So here he is. I’ve dubbed him Tadhg after an Irish chap I met. Not only does he have the most badass name, but pronounced (with an Irish accent, of course) it sounds like “tyke” which, informally on this side of the pond, is a small child. One only has to look at this photo to see from whence that was derived.
A long time coming, this post should be seen as my way of “celebrating” nicolauswitchger.com. True, not a major overhaul of my wordpress. I could install it natively now, the ease of use is great as is. So, props to the WordPress.com team for making those of us who don’t know CSS comfortable!
In its various iterations, my website has taken MANY turns. This is where I currently am. I realized recently that, in order to have a good, searchable, user-friendly, speedy website, I will probably have to learn XHTML and CSS at the very least. Seeing as how designers are often expected to do web stuff as well, I believe it would be beneficial to my budding career. However, the web, as of late, is something I’ve only looked at, not coded for.
The first (and really last) time I hand coded was back in late Middle School/early High School. I don’t even know if the Web was 1.0 back then. All I had was MS FrontPage (1997?) and Notepad and I preferred Notepad. I took great pride in being able to do by hand what most people needed a WYSIWYG editor to accomplish. And mine looked just as good; bear in mind, this was in the days when websites were TERRIBLE by today’s standards.
I learned coding on my own, by “borrowing” code from websites utilizing the effects I wanted to achieve and modifying said code to suit my desires. I have a feeling this is the way I should try to learn CSS, though there are so many great tutorials out there.
Later on, when my father was taking Dale Carnegie and web design courses (two separate entities, not Dale + Internet), he’d bring home books on using MS FrontPage. After the “Beatles Imagemap” and the attempt at my “corporate” (nickorp logo featured to the left…yeah) website, I utilized this for such brilliant sites as “A Tour Of My Room!” Armed with an old Sony Mavica (which saved images to a 3.5″ floppy disk) and FrontPage, this was created. Not brilliant, or even mildly groundberaking, but it kept me entertained and probably helped me to become the troubleshooting whiz I am today (working with Microsoft Software will do that to one). Post 2005, I gave web design a rest for a good ten years or so. Ok, so it was only three, but in WWW years, that is probably about ten, no?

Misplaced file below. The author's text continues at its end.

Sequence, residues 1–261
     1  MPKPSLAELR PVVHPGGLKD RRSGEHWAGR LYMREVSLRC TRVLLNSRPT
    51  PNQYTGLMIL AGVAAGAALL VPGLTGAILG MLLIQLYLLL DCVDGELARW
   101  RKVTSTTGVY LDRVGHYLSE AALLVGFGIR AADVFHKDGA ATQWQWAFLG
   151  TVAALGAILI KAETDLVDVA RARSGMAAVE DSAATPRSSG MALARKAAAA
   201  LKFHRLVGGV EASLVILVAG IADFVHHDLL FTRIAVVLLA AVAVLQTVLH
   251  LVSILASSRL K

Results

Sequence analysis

It wasn’t until I graduated from College that the benefits of such knowledge could be an asset. Unfortunately, I was already ten years behind the standard. This, however, escaped my knowledge, and I went ahead with it anyway.
My first attempt at creating a portfolio website was a huge joke.
I attempted it shortly after taking Dynamic Digital Design at SVSU which was basically a Flash class. Our final project for this class was to create a flash-based website for a start-up company in Saginaw. The goal of the website was strictly informational and meant to get the customer to contact the firm personally so they could give them the pitch in person (or at least over the phone) but they wanted to be “timely” and have a web presence, too. After research into what other anti-slip companies were doing with their sites, I came up with this. I was (and still am) pretty happy with it.
Taking from this experience the idea that flash was the web of the future (hell, Homestar Runner had been doing it successfully for years), I set about making my first personal website in years in Adobe Flash CS3.
Let’s just say, the phrase EPIC FAIL comes to mind almost every time I recall this monstrosity. I don’t know where I got the idea for the layout, but wow. W0W. It wasn’t pretty. And it was SLOW. Flash, man. It can be done well, but I learned from the spiteful rantings of one Gizmodo blog that Flash sites are unsearchable and that is a pain in the ass. SEO or something like that. That, and the fact that even with high-speed internet, a 20MB home page takes quite a while to load.